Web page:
White Women: Let’s Talk.

Chosen side of oppressor_optMy disbelief and astonishment at Kavanaugh’s advancement seems silly now. It’s clear now that my perspective before Kavanaugh was directly tied to my whiteness. It’s the whiteness that gave me privilege—and blinders.

I say this as a white woman who has already done a fair amount of work on understanding white privilege—as someone who has studied history and actively worked on grassroots engagement and advocacy on issues including environmental racism, racial justice, and immigration and detention. As white people go, I’m more woke than most. But still…the blinders were real.

The Kavanaugh episode showed me that the people in power in our government—people who are mostly white and mostly men and mostly wealthy—are not just indifferent to me and the issues and the people I care about. They don’t just have different starting perspectives about what’s best for our country, and they aren’t just swayed or blinded by connections with political party, big money, and corporations.

No. The mostly white, mostly male, and mostly wealthy people in power are actively opposed to me and the issues and the people I care about. Continue reading

From Overwhelm to Action

Muslim Capitol Day 2017_optThere’s too much, too fast. The executive orders, appointments, tweets, ethics questions, ICE raids, lies/mistruths/”alternative facts” (?!?). It’s like trying to put out a bunch of fires all at once. It’s like drinking water from a fire hose. It’s like…so much spinning, and a dizzying overwhelm.

I hear ya. I’m feeling it, too.

As individuals, we can’t tackle it all. So what do we do? How do we choose what actions to take, on which issues?  Continue reading

Fertile Resistance

Resistance Is Fertile_optAs we go about the important work of resisting, here’s what I want us to remember:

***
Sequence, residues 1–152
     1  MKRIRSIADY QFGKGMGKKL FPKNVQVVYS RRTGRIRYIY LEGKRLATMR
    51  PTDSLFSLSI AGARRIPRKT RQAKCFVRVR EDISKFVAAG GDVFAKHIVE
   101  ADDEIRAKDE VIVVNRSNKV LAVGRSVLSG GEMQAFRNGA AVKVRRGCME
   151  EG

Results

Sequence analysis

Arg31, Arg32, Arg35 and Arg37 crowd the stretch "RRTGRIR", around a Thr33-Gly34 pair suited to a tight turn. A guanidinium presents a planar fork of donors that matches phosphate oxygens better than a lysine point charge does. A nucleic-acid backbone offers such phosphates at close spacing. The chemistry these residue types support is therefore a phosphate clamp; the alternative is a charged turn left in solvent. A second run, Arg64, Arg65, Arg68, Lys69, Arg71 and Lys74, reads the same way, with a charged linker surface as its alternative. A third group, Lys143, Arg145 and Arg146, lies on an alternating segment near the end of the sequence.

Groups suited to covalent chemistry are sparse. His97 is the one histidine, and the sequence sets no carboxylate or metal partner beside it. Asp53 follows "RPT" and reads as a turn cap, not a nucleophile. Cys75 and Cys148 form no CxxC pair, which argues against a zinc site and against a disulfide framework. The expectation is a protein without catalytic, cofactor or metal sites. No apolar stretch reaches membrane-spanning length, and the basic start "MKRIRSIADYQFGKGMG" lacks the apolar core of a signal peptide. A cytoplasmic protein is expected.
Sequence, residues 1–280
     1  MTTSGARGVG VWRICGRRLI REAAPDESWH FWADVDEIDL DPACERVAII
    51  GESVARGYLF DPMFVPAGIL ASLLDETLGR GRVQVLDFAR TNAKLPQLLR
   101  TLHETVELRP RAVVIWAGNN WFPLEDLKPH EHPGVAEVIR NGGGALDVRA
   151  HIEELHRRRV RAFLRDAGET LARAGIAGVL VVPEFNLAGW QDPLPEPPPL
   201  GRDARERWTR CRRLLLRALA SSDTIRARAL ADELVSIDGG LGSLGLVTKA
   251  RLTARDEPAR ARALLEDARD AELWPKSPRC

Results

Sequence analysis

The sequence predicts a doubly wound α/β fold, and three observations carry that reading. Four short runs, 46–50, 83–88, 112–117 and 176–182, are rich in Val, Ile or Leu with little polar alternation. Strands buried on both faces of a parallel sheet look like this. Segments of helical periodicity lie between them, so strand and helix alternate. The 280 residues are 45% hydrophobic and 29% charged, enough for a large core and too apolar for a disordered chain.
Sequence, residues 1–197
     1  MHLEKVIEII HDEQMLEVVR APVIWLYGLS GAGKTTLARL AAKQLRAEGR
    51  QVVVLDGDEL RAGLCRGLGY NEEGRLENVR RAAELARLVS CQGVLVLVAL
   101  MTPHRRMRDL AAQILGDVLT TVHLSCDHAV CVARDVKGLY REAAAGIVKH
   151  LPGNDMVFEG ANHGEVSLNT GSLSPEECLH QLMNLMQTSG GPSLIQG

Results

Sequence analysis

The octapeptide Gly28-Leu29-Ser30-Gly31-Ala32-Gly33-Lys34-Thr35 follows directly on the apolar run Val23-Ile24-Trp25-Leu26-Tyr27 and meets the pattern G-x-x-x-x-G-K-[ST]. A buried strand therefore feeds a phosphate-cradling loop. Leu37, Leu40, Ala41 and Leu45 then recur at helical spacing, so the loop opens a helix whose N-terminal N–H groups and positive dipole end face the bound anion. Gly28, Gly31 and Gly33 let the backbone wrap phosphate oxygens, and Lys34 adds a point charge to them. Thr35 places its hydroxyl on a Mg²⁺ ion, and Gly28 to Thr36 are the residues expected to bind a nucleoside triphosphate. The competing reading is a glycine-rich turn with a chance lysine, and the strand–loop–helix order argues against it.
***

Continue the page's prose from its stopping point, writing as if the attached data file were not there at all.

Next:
Resistance is Fertile.

Not “futile,” as the Borg in Star Trek’s The Next Generation would have you believe. Fertile. According to a quick google search:

fer·tile

  1. (of soil or land) producing or capable of producing abundant vegetation or crops.
  2. (of a seed or egg) capable of becoming a new individual.
  3. (of a person, animal, or plant) able to conceive young or produce seed.  Continue reading

Don’t Try to Save the World All by Yourself!

partners_optTrying to accomplish any kind of activism, community, or systems change on your own is a recipe for disaster. First, it won’t work. More importantly, it’s sure to burn you out, make you crazy, and leave you lying in an angry or despairing puddle of ineffectiveness on your kitchen floor.

The Buddy System. In the Jewish tradition, people are not supposed to study all by themselves! People study in pairs—with a partner, called havruta (meaning friendship). Why do people study in pairs? For all kinds of reasons: because it’s not possible to find all the answers on our own; because studying with a partner makes each person accountable to the other; because having to articulate your ideas to someone else helps you express those ideas better. According to the Talmud, “Two scholars sharpen one another” (BT Ta’anit 7a).

In your advocacy and community work, you need a buddy.  Continue reading

In the Dark, Being Still

Hanukkah candles-8th night 5777_optIt’s the darkest time of the year: a few days past Winter Solstice; one day after Christmas; and this evening is the third night of Hanukkah, the Jewish festival of lights. Many of us mark this season with traditions of coming together to share time, eat special foods, and light up the darkness.

As we gather with friends and loved ones this year, we are sometimes finding ourselves confronted with political conversations that seem weightier than they ever have before.

If we’re gathering with like-minded people, conversations can take on a hushed, serious tone. “How did this happen? People I know are afraid. I am afraid. What are we going to do?” Continue reading

Climate, Communities, and Resilience: A Post-Election Interfaith Press Conference @COP22

syrian-childIn the wake of U.S. election results, Americans attending COP22 started getting a lot of questions from their global colleagues: What do we think of the president-elect? What positions will he take? Who will he appoint to be in his Cabinet? But mostly—since we were at a conference focused on international cooperation on dealing with our shared planetary climate crisis—the question was: “What does the election mean for U.S. action on climate change?”  Continue reading